The Indo-US Science and Technology Forum launched the US India Artificial Intelligence Initiative on March 17 to foster the science and technology relationship between the two countries.
The Secretary of the Department of Science and Technology, Prof Ashutosh Sharma, said the Indo-US relationships in science and technology go way back and have significantly benefited both countries.
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Analytics India Magazine spoke with geopolitics experts to understand what to expect from the initiative and how India will benefit from the partnership.
AI and other emerging technologies play a vital role in modern geopolitics.
“Technology is underpinning the future of relations between nations,” said Abishur Prakash, geopolitical futurist at the Centre for Innovating the Future, in Canada, “For India, the new AI-initiative with the US could result in breakthroughs or collaboration in areas like defence or healthcare. India and Russia adopted a similar model to develop the BrahMos cruise missile. Similarly, India and Finland are exploring 6G. This is the new geopolitical paradigm governments are working with.”
It’s still early days for AI in India. But, there is a clear desire to improve Indo-US cooperation in the field of emerging technologies.
“AI will be deployed like a tool across sectors, but India hasn’t set clear priorities, and it is difficult to predict,” said Arindrajit Basu, Program Manager at the Centre for Internet & Society. “What we can predict is that it is far easier to have a collaboration on capacity building, R&D, exchange on scientific information, securing supply chains rather than getting on to consensus on norms that will govern AI.
“There is clearly a desire for greater Indo-US cooperation in the field of emerging technology. This has been made clear through bi-lateral and multilateral initiatives, which include specific agreements to emerging tech like the USIAI or GPAI respectively and agreements that have to do with general security, like the Quad, which also has a focus on emerging tech,’’ he added.
India and the US can complement each other in this collaborative effort to ensure equitable progress.
“For the US, India represents a massive consumer market – and one of the world’s largest troves of data. Technology firms in the US accessing this data will be like energy firms finding oil in the Middle East,” said Prakash.
“For India, the US algorithms are solutions to a variety of development challenges India faces, from bringing banking to hundreds of millions of people to modernising the Indian military to offering healthcare to the masses. At the same time, for US technology firms, India churns out massive amounts of engineers and computer scientists – critical talent that these firms need.”
Another major reason for a partnership between India and the US is the new geopolitical realities. China’s growing influence in the field of AI is a pressing concern.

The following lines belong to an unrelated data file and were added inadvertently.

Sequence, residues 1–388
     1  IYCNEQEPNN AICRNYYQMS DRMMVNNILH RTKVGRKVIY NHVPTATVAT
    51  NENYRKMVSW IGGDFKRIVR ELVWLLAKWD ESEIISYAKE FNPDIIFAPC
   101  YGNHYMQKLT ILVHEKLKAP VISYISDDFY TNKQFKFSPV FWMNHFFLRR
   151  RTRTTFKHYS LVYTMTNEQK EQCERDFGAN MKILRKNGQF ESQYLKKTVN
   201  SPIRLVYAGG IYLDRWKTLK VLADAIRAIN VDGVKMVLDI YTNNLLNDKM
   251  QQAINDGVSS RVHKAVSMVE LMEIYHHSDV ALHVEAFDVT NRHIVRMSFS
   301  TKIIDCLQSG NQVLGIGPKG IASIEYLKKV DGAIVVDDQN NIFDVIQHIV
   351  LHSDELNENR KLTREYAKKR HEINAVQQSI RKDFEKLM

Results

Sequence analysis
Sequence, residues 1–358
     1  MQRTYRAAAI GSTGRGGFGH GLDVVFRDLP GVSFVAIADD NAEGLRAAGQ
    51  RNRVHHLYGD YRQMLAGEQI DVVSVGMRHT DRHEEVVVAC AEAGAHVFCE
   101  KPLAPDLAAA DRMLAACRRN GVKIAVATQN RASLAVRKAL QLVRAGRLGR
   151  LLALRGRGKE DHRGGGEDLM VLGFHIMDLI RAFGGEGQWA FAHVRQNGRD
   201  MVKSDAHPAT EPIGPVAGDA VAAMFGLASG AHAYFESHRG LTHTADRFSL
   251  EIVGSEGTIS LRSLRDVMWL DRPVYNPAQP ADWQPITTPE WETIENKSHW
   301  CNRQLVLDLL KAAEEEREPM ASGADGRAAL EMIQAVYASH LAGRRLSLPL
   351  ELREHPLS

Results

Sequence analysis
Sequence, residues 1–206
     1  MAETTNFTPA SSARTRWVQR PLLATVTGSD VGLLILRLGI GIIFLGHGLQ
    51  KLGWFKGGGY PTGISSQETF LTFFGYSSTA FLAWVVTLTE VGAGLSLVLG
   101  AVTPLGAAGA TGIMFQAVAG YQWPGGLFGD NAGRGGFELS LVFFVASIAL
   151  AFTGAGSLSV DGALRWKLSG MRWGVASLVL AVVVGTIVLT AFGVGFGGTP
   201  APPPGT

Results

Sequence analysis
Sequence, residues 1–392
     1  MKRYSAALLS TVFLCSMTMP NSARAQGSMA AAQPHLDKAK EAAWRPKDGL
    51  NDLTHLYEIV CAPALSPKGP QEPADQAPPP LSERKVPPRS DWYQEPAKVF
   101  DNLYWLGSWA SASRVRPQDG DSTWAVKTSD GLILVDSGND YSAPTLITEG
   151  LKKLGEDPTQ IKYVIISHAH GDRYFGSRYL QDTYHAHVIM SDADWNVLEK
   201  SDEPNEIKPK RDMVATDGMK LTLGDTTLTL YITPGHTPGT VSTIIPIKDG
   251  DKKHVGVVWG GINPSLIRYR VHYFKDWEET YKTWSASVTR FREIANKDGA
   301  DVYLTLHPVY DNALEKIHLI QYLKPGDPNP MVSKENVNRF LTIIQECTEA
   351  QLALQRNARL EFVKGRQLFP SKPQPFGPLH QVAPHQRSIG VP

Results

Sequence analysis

“What India and the US bring to the table is what is a supposedly democratic governance model of emerging technology, said Basu, “Despite the change in administration from Trump to Biden, there are certain things where there is continuity – like distrust in China and Chinese technology. There is a clear desire to ensure that supply chains are governed by standards, rules, and norms of the democratic world.”
Both countries are leveraging AI and other emerging technologies to improve their relationships and gain a geopolitical edge.
“The US and India are at a place where they both need each other. For the US, it needs allies like India to take on China. And India needs technology and support from the US to rise in the world. It is a ‘win-win’ situation,” said Prakash, “Because technology is defining geopolitics, both sides are turning to AI to grow closer. This is the beginning of the West, bringing India into its ‘technology orbit.’ And, it is the beginning of India moving away from its non-aligned position – because of Next Geopolitics.”
Experts believe AI and emerging technologies will define relationships between countries. India should look for further opportunities to use its potential and establish its ‘footprint’ in AI and emerging technology.
“This is the model going forward. That is, technology is how nations will build their ties. One region that India may be doubling-down on is Southeast Asia. This region is becoming a hotbed of competition between the major powers of the world,” said Prakash
“India could use the AI-forum with the US as a testbed to understand what works. With this knowledge, India could then take its own algorithms to Southeast Asian nations, creating an ‘AI-corridor’ and a new kind of geopolitical power. Of course, this could also happen through QUAD or even the Five Eyes (if India joins).”
At the same time, it is also essential to establish safeguards to protect Indian citizens from exploitative data practices of the US or other major economies.
“While we don’t want to get into a regulatory tussle, we also want to ensure that the interests of our citizens are protected,” said Basu, “Proactive regulation that protects data privacy; prevents inequitable mergers, anti-competitive practices, and competition law; guarantees free and fair taxation of these companies are the first step.”
“Simultaneously, if we regulate in a manner that is uncertain, excessive, and counterproductive to these companies, we risk losing investment and opportunities for collaboration. A partnership of this nature will hopefully ensure that various stakeholders come to the table and ensure that regulation is fair in a manner that protects the rights of citizens, while businesses are not severely impacted,” he added.